By Aaron Reiss
By Angelica Leicht
By Dianna Wray
By Aaron Reiss
By Camilo Smith
By Craig Malisow
By Jeff Balke
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Dallas freelance writer Beth Erickson shares her life as @txnewsprincess and can't take a break from Twitter for people getting worried about her well-being.
"If I don't tweet for a few days, people get really worried and think I'm dead. They must think, 'Well, we haven't heard her stream-of-consciousness babble in a few days; she must be dead,'" she laughs. It's the level of openness that she finds liberating.
"The voice that I use tends to be a facet of myself that isn't mom-centered. I mean, everything about my life is mom-centered, but Twitter is an outlet for me to be profane or whatever. People who read me on Twitter probably don't think I am an attentive mom, but I keep my kids separate," says Franklin.
Others aren't just sectioning off parts of themselves; they're creating entirely new, often more exciting personas.
Armstrong and a friend have a name for them: "fauxcializers," the people who are virtual wallflowers compared to their dynamic personalities online.
Twitter can be a goldmine for musicians, who can use it to connect with their fans, send out new tracks through posted links and remind followers of upcoming shows. In Houston and Dallas, however, it remains a largely untapped resource, embraced for the most part only by rappers.
In Dallas, Pete Freedman (@petefreedman), music editor of the Press's sister paper the Dallas Observer, enjoys watching the interaction among local hip-hop scene heads, including Mr. Hit Dat Hoe, which sometimes will run late into the night.
"I love watching the rappers make fun of each other's weight, haircuts and jobs. It's fake beef, with lots of 'LMAO' [laughing my ass off] and 'SMH' [shaking my head], but it's amazing. I don't know how many around-the-clockers there are. There are day-timers, evening tweeters and late-night and even all-nighters," he says.
Soul singer and Dallas native Erykah Badu (@fatbabybella) tweeted nonstop, Freedman says, even while she came under fire for her infamous music video shot in Dealey Plaza. The clip for "Window Seat" featured Badu in slow-motion walking through the area where President Kennedy was shot in 1963, and at the end of the video she stripped nude in front of passersby and tourists on Elm Street and feigned being shot in the head.
As the controversy swelled around her, she used her Twitter account to field questions about the artistic intent of the video, and she even tweeted about her eventual citation for disorderly conduct at the plaza by saying she was "taking one for the team."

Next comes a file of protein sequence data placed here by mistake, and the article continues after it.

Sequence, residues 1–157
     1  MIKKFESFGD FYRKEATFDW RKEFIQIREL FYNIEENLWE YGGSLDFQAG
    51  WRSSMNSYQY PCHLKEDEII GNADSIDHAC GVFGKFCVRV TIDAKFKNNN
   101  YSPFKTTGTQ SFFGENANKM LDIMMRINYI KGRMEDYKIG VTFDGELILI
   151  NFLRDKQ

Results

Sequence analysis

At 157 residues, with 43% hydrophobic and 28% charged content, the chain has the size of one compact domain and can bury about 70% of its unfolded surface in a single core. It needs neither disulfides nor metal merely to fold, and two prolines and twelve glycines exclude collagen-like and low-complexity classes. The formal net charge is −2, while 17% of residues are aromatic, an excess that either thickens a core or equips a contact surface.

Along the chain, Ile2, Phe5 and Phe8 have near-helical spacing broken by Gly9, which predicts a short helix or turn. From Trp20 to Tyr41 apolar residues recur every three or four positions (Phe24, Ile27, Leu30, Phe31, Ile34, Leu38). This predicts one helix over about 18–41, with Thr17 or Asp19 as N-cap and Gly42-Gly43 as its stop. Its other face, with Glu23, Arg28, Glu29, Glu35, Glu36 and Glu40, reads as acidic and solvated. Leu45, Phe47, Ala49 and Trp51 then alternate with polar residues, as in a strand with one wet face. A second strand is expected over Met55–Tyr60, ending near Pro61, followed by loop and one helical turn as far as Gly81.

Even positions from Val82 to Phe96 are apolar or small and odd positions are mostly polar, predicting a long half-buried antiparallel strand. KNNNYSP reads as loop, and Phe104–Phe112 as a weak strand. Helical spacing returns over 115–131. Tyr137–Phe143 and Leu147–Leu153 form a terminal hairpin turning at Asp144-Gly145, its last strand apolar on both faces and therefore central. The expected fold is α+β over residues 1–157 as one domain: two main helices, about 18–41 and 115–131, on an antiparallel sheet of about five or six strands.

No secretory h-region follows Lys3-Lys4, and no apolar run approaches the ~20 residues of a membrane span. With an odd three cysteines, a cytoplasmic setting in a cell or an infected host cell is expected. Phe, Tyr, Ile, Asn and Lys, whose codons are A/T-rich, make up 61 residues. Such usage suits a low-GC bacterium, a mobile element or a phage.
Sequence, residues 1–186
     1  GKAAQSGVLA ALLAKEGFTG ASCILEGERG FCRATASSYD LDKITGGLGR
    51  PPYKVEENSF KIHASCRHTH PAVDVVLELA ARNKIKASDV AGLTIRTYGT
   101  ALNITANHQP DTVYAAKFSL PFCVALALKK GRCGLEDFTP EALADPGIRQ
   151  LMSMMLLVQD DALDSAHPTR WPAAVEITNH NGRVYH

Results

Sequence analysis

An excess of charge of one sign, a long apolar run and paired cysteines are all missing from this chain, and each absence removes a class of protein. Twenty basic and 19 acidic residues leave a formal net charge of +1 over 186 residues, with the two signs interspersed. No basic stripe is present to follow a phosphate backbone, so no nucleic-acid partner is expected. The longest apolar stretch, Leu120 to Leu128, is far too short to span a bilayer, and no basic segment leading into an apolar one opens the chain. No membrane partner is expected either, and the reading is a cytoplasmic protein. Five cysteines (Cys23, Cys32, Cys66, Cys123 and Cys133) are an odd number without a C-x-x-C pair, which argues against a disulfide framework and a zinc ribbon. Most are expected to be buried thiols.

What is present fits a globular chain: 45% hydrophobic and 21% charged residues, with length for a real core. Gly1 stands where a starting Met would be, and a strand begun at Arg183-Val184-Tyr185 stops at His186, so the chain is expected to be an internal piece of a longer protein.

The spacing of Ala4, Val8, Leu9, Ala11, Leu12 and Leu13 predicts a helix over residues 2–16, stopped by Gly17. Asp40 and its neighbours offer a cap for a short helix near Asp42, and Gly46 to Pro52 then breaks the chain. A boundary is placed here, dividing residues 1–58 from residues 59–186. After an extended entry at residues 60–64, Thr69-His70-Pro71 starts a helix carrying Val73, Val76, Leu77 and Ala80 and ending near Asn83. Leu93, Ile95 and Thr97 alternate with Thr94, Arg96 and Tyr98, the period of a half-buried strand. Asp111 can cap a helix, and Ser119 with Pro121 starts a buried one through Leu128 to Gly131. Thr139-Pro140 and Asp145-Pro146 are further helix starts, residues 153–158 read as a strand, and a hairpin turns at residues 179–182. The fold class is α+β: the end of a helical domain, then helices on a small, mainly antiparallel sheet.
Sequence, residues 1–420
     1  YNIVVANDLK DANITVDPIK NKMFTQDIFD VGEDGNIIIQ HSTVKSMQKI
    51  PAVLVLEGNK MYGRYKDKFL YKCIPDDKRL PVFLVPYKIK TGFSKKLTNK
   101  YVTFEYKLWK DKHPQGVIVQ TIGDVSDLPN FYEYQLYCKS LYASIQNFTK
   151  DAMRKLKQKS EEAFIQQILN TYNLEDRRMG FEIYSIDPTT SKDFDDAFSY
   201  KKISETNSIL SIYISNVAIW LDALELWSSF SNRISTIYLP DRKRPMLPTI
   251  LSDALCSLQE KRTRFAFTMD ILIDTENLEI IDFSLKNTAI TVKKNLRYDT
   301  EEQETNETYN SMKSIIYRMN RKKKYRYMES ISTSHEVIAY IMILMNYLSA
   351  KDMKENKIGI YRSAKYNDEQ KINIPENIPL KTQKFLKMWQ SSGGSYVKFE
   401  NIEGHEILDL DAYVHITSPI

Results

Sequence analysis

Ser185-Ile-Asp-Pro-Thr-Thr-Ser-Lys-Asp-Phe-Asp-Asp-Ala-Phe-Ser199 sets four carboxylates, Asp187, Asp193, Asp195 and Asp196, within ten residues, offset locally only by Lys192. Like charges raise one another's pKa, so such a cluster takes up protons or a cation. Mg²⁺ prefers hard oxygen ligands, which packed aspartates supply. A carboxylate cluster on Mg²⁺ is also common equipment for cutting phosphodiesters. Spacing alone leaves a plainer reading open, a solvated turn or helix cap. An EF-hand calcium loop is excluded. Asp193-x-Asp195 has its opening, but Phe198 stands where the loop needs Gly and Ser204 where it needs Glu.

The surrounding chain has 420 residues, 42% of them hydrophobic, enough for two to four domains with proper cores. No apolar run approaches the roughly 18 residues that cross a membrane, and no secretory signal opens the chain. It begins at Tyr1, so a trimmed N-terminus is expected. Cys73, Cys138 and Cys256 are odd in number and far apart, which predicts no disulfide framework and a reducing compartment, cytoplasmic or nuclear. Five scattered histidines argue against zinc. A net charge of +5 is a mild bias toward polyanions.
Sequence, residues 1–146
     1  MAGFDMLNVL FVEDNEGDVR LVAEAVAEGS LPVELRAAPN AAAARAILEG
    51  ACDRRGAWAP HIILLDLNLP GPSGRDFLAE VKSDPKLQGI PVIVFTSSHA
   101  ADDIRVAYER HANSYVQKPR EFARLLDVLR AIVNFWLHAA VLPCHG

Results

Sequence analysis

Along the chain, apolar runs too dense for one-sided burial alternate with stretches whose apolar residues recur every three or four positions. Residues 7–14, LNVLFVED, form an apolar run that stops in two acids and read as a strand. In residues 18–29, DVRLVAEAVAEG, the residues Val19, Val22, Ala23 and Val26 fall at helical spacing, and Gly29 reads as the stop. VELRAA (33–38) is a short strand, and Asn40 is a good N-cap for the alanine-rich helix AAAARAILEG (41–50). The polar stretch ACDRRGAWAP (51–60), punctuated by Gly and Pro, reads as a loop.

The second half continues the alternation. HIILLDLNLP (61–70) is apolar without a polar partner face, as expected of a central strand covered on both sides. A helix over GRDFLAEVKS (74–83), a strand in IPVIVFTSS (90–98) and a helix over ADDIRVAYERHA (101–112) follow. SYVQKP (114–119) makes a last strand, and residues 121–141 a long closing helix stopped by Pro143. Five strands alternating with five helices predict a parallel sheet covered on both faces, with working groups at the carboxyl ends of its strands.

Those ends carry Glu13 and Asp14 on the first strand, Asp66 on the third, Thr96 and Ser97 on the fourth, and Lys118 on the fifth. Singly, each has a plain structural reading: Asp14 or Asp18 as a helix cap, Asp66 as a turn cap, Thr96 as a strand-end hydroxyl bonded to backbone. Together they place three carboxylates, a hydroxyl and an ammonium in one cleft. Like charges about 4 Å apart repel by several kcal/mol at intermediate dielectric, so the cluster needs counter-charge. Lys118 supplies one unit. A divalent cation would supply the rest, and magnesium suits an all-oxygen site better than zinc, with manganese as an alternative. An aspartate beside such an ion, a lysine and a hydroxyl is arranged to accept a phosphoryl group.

Houston indie hip-hopper Fat Tony(@fattonyrap) has been using Twitter to disseminate his work and art since January 2009. With almost 1,200 followers on the site, his level of fan interaction is high, and he routinely talks back and forth with his followers at a fast clip. Most musicians, especially rock-and-roll guys, shun the transparency of Twitter in lieu of keeping that extra air of mystery between artist and consumer.
"I'd advise up-and-coming indie dudes to go against the grain and put their personality out there...For the average person, even me, if they get to peep your style and your thoughts and really relate to it they'll be more receptive to your music. The beauty of underground music is separating the stardom, and it helps you relate more to an artist as a person."
"Plus indie dudes can still be cryptic and mysterious if they really want, since you only get 140 characters per tweet," he says, chuckling.
Jeremy Osborn (@waysidedrive) of Houston alt-rockers Wayside Drive was at first ambivalent about Twitter as a vehicle for promotion and interaction, but soon saw the value. He echoes Fat Tony's assumption about rock bands having a "twitterphobia."
"Most rock and indie musicians are still stuck in the mind-set of the music industry they grew up in where the bands they loved were always at arm's length. I came from this mentality. Bands usually hold their cards pretty close to the chest, and don't always want to have that type of relationship with their fans. They don't want people to know their little secrets, like how they did this or better ways of doing that. Also, I don't think they fully understand that Twitter is about interaction and not just blindly posting crap that they're promoting."
Osborn and Wayside Drive noticed that just by using Twitter to promote shows and talk directly to fans, they got what Osborn claims to be a "1,071 percent" rise in Web traffic. The increased visibility got the band more gigs in the process, getting their music out to more and more listeners, "saving the world two ears at a time," as the band's site proclaims.
"I think in this new market a very important thing is transparency, and the sharing of ideas and the creative process. We see it in software, we see it in business and we need to see it in music."
A band member can microblog a tour and not just throw out concert dates and Web addresses at randomly scheduled intervals.